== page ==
I believe those are the main points which your Lordships may feel I need to take into account in this brief summing-up. As regards the point that the noble Viscount made about the report, I accept full responsibility for the text and terms of the report before your Lordships. This debate has gone on long enough. On behalf of the Procedure Committee it is my duty to invite your Lordships to adopt its report without alteration.

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5.8 p.m.

Earl Ferrers: My Lords, the noble Lord the Lord Chairman says that the debate has gone on long enough. However, it has not gone on quite long enough. I hope I may be permitted to express a few brief thoughts. I am grateful to your Lordships for having taken part. I believe the noble Baroness the Leader of the House said she thought it was an absurd debate.

Baroness Jay of Paddington: My Lords, I must correct that false impression. I was simply picking up the words of the noble Viscount the Leader of the Opposition who said he feared it might be perceived as absurd.

Earl Ferrers: My Lords, I am most grateful for those comments which mean that I shall not have to apologise to your Lordships for having been absurd or for having introduced a debate which might be considered absurd.

Perhaps I may thank the noble and learned Lord the Lord Chancellor for having the courtesy to sit through the debate, on the Woolsack, with his usual genial smile, bearing all the arrows that have flown backwards and forwards. I hope that he will not take this as a personal affront. I am all for the dignity of the Lord Chancellor; and I am all for enhancing and elevating his office so that he is even higher than he is already. I am on his side.

I hardly dare mention that the noble Lord, Lord Haskel, did say that he thought it an absurd debate. He asked what he could say to people, when asked what we had been discussing all afternoon, other than "The Lord Chancellor's dress." Having thought that it was an absurd debate, he promptly joined in. That does not say a great deal for consistency.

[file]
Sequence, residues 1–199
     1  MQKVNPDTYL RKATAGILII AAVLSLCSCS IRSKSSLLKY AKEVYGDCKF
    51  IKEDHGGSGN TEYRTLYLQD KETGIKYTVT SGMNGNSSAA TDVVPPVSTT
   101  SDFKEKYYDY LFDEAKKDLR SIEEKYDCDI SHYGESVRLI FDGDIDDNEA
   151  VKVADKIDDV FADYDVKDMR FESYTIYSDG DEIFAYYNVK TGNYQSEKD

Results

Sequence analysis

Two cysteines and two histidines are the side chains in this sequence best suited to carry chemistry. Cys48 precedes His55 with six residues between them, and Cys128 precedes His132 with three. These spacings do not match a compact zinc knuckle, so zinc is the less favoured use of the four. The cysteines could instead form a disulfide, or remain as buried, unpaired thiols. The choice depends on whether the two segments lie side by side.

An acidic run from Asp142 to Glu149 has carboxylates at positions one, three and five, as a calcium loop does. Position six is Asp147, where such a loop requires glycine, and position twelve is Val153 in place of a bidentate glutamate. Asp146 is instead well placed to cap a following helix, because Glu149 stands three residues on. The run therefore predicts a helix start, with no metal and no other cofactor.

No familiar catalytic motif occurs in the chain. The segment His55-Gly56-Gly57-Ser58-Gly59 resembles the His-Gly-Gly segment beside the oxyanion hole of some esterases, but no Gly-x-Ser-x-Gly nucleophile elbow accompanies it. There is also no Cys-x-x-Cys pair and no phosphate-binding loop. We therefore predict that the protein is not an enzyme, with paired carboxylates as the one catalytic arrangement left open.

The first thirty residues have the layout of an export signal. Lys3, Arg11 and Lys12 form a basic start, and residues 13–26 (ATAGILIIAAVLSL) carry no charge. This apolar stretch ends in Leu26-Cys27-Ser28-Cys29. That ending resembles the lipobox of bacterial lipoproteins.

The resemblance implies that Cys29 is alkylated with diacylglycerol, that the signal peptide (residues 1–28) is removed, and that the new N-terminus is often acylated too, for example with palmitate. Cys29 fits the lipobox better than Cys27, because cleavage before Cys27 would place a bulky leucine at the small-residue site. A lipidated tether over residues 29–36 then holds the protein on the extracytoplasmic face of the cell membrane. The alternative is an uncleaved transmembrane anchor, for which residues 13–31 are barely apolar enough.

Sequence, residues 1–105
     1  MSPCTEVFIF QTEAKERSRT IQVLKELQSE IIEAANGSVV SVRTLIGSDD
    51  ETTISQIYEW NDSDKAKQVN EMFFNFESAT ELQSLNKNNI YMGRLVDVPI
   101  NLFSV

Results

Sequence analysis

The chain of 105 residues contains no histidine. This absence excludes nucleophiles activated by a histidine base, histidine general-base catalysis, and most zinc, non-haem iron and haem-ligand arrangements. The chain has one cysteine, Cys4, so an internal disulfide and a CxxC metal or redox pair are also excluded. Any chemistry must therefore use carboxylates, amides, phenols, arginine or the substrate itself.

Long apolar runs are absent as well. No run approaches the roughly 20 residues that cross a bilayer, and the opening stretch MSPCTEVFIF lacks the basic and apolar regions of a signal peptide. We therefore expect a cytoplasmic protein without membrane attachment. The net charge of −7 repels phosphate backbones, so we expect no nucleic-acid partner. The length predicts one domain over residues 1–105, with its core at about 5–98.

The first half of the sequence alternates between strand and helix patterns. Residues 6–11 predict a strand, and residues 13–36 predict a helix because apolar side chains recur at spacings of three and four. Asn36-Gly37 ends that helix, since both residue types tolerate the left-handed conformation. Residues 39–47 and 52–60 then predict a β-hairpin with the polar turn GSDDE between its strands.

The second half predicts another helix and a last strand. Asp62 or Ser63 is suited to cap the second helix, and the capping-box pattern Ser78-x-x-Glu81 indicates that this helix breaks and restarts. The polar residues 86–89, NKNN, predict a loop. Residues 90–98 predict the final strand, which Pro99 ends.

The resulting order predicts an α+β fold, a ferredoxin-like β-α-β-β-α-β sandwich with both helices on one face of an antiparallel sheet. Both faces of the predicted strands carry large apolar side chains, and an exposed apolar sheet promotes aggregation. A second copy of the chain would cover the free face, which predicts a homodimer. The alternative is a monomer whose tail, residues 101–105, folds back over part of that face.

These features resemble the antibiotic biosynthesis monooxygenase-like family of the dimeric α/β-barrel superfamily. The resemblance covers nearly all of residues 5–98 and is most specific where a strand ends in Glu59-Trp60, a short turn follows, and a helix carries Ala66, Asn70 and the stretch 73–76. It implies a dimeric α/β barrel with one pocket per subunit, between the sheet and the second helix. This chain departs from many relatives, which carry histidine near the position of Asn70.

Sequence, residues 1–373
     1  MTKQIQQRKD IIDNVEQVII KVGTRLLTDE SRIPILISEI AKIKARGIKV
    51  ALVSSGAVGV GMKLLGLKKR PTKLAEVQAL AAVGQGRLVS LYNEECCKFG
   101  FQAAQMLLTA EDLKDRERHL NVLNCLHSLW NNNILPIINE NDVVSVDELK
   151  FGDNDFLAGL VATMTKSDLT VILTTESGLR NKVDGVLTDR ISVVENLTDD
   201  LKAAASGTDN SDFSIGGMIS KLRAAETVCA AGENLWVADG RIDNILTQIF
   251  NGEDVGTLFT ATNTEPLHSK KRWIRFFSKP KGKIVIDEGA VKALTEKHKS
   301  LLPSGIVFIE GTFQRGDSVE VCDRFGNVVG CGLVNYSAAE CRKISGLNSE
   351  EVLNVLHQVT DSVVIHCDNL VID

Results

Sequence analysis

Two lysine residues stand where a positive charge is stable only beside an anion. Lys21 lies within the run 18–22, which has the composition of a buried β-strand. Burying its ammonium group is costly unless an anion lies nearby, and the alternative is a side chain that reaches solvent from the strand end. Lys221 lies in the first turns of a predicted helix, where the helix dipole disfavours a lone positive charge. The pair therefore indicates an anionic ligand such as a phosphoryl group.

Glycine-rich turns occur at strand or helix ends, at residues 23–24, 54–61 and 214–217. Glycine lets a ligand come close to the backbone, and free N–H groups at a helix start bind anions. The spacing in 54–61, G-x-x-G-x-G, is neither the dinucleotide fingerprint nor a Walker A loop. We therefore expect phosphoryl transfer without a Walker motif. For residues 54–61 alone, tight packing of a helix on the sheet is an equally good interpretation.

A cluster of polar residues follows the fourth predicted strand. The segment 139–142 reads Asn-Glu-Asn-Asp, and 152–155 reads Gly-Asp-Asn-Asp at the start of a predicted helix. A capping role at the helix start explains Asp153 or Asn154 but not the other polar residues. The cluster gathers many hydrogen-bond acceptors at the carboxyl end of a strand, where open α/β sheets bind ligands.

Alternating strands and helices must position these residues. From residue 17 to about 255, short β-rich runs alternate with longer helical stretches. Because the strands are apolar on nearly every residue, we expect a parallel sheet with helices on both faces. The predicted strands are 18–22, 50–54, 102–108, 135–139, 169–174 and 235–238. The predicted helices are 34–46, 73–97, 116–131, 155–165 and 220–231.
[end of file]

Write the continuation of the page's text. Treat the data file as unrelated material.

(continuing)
We would not have had the debate in the first place had it not been for the Lord Chancellor wishing to make alterations. The noble Lord, Lord Haskel, said that what matters is the way in which the noble and learned Lord does his job. We all agree with that--and that he does his job very well--but that does not mean that he has to change his attire.

It was frightening to hear the noble and learned Lord, Lord Ackner, the noble Lord, Lord Lester of Herne Hill, an eminent QC, and the noble Lord, Lord Strabolgi, who is neither a Law Lord nor an eminent QC, but who is a very eminent Member of your Lordships' House, say that the noble and learned Lord the Lord Chancellor would do his job better if he did not have to wear a wig. Do your Lordships think that the noble and learned Lord cannot do his job properly wearing a wig? Do your Lordships really think that all previous Lords Chancellor did not do their jobs properly because they were wearing a wig?